Some might struggle to know themselves. They struggle to identify their own feelings. So if they’re in company and there’s many different opinions and many different views, they might remain neutral rather than to ‘pick a side.’ Number five, they worry excessively about what others think and how others feel, particularly about them. The look on someone’s face on their way out the door, that person might be worrying if they’ve done something to offend. If they get a text or an e-mail, they may read it and re read it over and over again trying to uncover some hidden meaning. They even spend a lot of time rewording their own responses before replying out of fear of being misunderstood. They can also spend a lot of time ruminating, analysing, overthinking and, if you will, risk assessing, trying to find ways to pacify and placate others.

    People pleasers can over explain things. Or they can over apologise for things, things that aren’t even in their control or not even their responsibility. In some cases they can even make excuses for other people, even those who mistreat them. “Yeah, they were offensive, they were hurtful, but they’ve had a hard life” or, “They’re in a very stressful position” or, “They do a lot of good in the community.” They don’t just rationalise the bad behaviour to others, but sometimes to themselves as well. It’s like a form of self gaslighting.

    Lastly, they can be quite subservient to others, even when they’re being mistreated themselves. They keep trying to bring out the best in others, even those who are very unkind, because maybe this time they’ll be nice. Or at the very least, maybe this time they’ll stop. And as much as they can do and give a lot to others, they can also be very hard on themselves, judge themselves quite harshly for how they’re treated. Or even blaming themselves, giving themselves a hard time for not standing up for themselves, for being taken advantage of.

    So what’s going on with people pleasers? Well, people pleasing behaviour is often associated with codependency. It can be a fawning response to trauma and it’s very common in people who are highly sensitive. A lot of the time what we see are behaviours that are aimed at avoiding the negative consequences they faced in previous situations such as childhood. Negative consequences such as anger, humiliation, rejection and punishment. Environments, relationship, situations where they were held responsible for other people’s feelings and behaviours. ‘No’ was a bad word, it was a selfish word. Emotions were not allowed. Feelings, boundaries were criticised, trampled over. So they learn to become quite small, not take up a lot of space.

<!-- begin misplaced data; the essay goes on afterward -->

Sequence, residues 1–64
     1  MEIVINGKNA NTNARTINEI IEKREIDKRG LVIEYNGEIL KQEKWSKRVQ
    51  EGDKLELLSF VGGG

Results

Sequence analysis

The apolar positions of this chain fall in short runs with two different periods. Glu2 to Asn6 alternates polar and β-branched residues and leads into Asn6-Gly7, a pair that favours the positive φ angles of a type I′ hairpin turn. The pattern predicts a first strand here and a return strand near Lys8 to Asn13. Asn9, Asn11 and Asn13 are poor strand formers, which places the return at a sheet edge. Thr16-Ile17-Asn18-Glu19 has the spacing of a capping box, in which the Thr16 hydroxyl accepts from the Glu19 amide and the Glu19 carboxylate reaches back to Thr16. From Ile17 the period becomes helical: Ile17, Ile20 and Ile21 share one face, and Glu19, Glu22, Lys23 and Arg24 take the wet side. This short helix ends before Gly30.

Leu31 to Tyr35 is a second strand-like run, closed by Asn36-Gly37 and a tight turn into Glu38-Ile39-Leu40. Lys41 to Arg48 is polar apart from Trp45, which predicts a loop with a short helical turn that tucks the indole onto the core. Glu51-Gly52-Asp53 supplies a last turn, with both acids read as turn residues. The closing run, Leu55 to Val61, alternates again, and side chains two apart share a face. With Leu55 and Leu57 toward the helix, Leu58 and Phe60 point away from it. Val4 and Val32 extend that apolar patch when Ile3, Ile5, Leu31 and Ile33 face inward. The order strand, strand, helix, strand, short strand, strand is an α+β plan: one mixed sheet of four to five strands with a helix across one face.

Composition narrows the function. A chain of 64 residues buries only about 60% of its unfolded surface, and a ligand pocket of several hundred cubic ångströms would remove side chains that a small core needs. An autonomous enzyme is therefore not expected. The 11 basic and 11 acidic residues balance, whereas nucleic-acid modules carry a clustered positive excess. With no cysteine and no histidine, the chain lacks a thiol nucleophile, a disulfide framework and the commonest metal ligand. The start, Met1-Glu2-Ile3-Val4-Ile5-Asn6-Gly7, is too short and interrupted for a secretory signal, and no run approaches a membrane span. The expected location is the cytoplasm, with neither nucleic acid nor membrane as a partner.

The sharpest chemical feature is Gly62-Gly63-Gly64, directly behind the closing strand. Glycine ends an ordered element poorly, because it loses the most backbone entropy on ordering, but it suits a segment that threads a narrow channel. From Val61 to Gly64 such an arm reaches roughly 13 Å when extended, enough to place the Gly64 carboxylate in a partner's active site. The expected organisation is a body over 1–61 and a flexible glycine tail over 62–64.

In those early relationships they learn to navigate them very carefully, trying to appease, trying to not to disappoint, putting perhaps the parents needs in front of their own and that could be out of fear, or out of duty. And then trying to please others in adulthood that trying to avoid their own negative emotions and feelings around things like conflict and rejection. They try to pre-empt and avoid certain moods in others that might cause them distress. People pleasing can also be a form of manipulation. Now not necessarily in a coercive controlling sense, but more in a safety seeking way. It’s like trying to show others, ‘I’m not a threat’. Being nice is a way of avoiding the consequences of conflict.

    Another reason could be they were taught to always put other people first. Always help others. It is a good thing to do, it’s what good people do. No is a bad word, no is a selfish word. I say that because often with people pleasing behaviours what we see is a difficulty in being able to recognise the difference between a good thing and the right thing.

    Unfortunately, people pleasers are often open to being exploited, bullied, abused by toxic, coercive people. Their good nature, their kind nature, inability or unwillingness to stand up for themselves can be taken advantage of. Quite often their feelings are used against them and they can be made to feel guilty for saying no. Any problem, any difficulties are dumped on them to fix. Like I said earlier, they can be quite hard on themselves, not just for being taken advantage of but for not feeling able to say no.

    This is where I think counselling can be helpful. In counselling people can learn to understand what lies behind their behaviours and explore change. What needs to change and how to go about it?

    No, isn’t a bad word. Sometimes it’s a complete sentence, and when people learn to respect your no, they start to appreciate your yes a lot more.

    This article was written by sentientcounselling